(Bloomberg Opinion) -- Ryanair Holdings Plc has been given a telling off by the U.K.’s advertising watchdog for making “misleading” claims about its carbon emissions. Ads claiming Ryanair is Europe’s “lowest emissions airline” must be withdrawn because the Irish carrier did not fully substantiate this and other environmental boasts, the Advertising Standards Authority found.
As the climate crisis intensifies, Ryanair probably won’t be the last big company given a dressing down by regulators for “greenwashing.” Environmental considerations are increasingly directing consumer purchases and institutional investment decisions. This creates a big incentive for companies to put a positive spin on things.
The huge variety and inherent complexity of some climate-related disclosures tempt businesses to focus on the flattering ones and ignore the rest. In fairness to Ryanair, its claims are based on facts. But it’s an airline, and airlines are heavy polluters, however much they tie a bow on it.
The company and its outspoken boss, Michael O’Leary, certainly have form when it comes to making specious claims about the business. On past occasions the company has claimed to be “Europe’s favorite airline.” That may have been true in terms of passengers carried — it’s neck and neck with Deutsche Lufthansa AG — but Ryanair ranks last in Which Magazine’s yearly U.K. passenger satisfaction survey. O’Leary’s capacity for chutzpah is high.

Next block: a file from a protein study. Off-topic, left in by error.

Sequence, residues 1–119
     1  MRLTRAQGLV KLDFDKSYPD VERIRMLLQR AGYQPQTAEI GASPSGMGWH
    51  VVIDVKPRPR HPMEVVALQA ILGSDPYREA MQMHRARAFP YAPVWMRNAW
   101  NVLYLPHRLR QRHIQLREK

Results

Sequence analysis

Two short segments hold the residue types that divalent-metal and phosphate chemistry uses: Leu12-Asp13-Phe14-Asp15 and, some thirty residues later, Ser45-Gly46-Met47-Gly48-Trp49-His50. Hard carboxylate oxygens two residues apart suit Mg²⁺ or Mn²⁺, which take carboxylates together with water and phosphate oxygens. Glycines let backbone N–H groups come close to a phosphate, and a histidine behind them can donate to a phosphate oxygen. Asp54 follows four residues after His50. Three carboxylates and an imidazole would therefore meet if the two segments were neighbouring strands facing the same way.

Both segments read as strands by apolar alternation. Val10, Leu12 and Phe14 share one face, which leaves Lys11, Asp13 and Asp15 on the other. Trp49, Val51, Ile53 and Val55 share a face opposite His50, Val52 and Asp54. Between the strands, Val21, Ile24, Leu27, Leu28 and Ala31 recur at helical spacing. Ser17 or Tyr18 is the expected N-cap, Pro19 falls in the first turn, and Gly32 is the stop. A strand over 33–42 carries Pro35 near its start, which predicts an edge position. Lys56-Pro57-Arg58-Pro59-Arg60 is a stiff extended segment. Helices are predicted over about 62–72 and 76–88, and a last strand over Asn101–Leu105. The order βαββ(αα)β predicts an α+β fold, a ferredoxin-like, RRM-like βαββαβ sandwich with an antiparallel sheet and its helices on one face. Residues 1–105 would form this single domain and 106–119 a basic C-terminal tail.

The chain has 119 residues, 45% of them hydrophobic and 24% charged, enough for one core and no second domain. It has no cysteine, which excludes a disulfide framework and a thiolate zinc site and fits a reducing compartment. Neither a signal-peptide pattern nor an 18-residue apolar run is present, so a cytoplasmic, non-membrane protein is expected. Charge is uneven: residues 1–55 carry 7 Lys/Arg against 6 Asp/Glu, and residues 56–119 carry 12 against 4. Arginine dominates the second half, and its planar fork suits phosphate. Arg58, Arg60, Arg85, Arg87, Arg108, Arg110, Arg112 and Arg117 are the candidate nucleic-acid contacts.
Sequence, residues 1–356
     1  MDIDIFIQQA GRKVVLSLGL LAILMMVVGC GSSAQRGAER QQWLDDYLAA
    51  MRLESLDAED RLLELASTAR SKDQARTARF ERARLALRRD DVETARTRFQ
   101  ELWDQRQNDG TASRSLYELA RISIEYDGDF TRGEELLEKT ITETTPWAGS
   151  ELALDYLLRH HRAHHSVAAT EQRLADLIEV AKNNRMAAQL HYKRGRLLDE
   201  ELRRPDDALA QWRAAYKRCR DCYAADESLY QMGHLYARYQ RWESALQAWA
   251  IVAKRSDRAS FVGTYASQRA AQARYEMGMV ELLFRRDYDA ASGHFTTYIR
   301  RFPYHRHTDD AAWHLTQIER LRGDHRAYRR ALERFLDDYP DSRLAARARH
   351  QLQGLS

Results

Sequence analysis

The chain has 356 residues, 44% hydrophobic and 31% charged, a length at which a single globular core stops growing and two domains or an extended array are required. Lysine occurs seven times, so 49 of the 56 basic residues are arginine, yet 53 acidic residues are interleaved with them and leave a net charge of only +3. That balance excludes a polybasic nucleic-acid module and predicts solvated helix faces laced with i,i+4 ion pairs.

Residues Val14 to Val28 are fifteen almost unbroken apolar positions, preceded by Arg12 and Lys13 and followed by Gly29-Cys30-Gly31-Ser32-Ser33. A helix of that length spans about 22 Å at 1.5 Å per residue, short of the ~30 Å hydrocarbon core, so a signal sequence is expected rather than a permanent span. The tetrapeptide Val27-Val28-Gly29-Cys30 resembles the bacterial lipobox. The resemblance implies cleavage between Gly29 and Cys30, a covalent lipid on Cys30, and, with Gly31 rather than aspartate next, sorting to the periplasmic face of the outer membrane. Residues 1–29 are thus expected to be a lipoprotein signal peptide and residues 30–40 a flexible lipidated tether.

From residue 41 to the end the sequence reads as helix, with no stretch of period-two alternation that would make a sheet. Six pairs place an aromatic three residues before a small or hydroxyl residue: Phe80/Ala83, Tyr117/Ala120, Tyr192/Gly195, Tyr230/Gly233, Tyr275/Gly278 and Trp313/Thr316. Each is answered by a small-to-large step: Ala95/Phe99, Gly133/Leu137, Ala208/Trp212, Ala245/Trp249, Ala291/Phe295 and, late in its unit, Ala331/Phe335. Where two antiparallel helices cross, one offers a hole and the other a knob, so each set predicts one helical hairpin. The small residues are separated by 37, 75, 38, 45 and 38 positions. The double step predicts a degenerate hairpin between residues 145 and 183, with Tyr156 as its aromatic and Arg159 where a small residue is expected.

In some respects, the ASA’s new ruling is a bit harsh on Ryanair. Its operations are pretty efficient in terms of carbon per passenger kilometer traveled, as I’ve written before.
Ryanair flights tend to be full, it doesn’t waste space on business class and its planes fly point-to-point, rather than via hubs, which saves fuel. If consumers are going to buy a product or service anyway, it’s better that they favor a company with a lower per-unit carbon footprint. Ryanair’s new practice of publishing a monthly CO2 report is commendable too. ASA’s main beef was that it hadn’t provided sufficient data to back up its claims and some information was out of date.
Still, no one should shed tears on Ryanair’s behalf; its environmental messaging is still way off key. In public statements, O’Leary has repeatedly disparaged climate science. Furthermore, Ryanair’s business model of selling cheap tickets has helped transform flying from an uncommon luxury into a mass-market phenomenon, thereby worsening the industry’s emissions.
In absolute terms, Ryanair’s carbon emissions aren’t the biggest among European airlines. But they’ve kept rising because Ryanair is carrying more passengers every year.
It’s fine for companies to brag about and set targets for carbon efficiency, as Ryanair does. This a necessary counter-balance to reporting only on absolute emissions, which might show improvement just because a company’s sales have declined.
If their total emissions keep rising, however, corporate claims to be the “greenest” anything will ring hollow.
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Chris Bryant is a Bloomberg Opinion columnist covering industrial companies. He previously worked for the Financial Times.
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